On why he's so fond of Frank Capra's schmaltzy film, Synar says: "I don't want to sound hokey, but . . . there's a reason. There's a line in there when he says, 'The only causes worth fighting for are the lost causes.' Opposing Gramm-Rudman-Hollings was one of those lost causes that someone had to fight, and I believe that."

The suit clearly has some merit, or it would never have reached the high court (a federal judiciary panel ruled in February that the mandatory budget cuts were indeed unconstitutional, because Gramm-Rudman-Hollings gives too much power to the comptroller general). Yet the grandstanding charge doesn't seem to go away.

Counters Christopher Matthews, spokesman for House Speaker Tip O'Neill: "At the time he took position to challenge the bill, the consensus was to roll with it . . . It takes a lot of nerve to take on an issue when everyone is jumping on the train."

Synar, too, disputes the suggestion that he merely capitalized on an opportunity for visibility.

"From the time I filed the suit in December until recently, I took a beating at home," he says. "Why would I hot-dog an issue that is a marginal political issue back home? It's been a tough few months."

He had questioned Gramm-Rudman's constitutionality from the beginning, but his lead role in the suit came more by accident than by design. A member of the Judiciary Committee, he was asked to join the House-Senate conference on the legislation because he was known to be opposed to it.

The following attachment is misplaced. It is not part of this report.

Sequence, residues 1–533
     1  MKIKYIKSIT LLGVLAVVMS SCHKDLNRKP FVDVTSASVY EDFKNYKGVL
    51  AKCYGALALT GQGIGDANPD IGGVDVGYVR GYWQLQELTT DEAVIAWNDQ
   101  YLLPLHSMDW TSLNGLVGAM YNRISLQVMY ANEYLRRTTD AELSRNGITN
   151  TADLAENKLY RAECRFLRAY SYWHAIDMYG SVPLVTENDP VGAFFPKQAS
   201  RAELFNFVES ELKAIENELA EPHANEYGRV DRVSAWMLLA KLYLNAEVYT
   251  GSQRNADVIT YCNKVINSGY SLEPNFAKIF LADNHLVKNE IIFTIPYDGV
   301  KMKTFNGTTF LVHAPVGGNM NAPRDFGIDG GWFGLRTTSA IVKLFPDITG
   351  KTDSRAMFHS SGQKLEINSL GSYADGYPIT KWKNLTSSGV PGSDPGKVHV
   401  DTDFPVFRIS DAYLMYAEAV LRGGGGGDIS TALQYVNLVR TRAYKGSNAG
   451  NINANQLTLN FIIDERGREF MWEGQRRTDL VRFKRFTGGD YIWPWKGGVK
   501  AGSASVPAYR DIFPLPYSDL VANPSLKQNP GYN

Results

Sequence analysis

When it came time to file, Synar went to Alan Morrison, a well-known public interest lawyer, and asked how he should proceed. Morrison advised him to drum up another Democrat and two Republicans. According to Synar, he did so, but the other three opted not to file a day before the suit was due. Reportedly, the other three were Sen. Gary Hart (D-Colo.), Sen. Lowell Weicker (R-Conn.) and Rep. Silvio Conte (R-Mass.); Conte and 10 other House members ended up joining the suit three days after it was filed.

Synar says he gets along fine with Sen. Warren Rudman and Sen. Fritz Hollings (Rudman calls him "very dedicated, very intense and exceptionally bright"). But he has a definite problem with Gramm.

"He's not too happy with me," says Synar, explaining that he was quoted making some critical remarks about Gramm recently. "I said, 'He's a liar . . . He can't be trusted. He'd like to be king.' He and I do not have what you'd call a working relationship. We came in together in '78, and basically his word is no good. What happens is we're so polite around here . . .

"We play by one set of rules and he plays by another," Synar adds. "He's the worst user of people I have ever seen."

Synar won't speculate on where his career is heading, but it's no secret that he'd like to move on to the Senate. Some political observers believe that if Rep. Jim Jones (D-Okla.) decides not to run for the seat now held by Republican Don Nickles, Synar will be first in line with his petitions.

For now, he'll only say that he always wanted to be a lawyer by the time he was 25 and a congressman by the time he was 45, so he's way ahead of schedule.

But "I'm not taking myself out of anything," he says.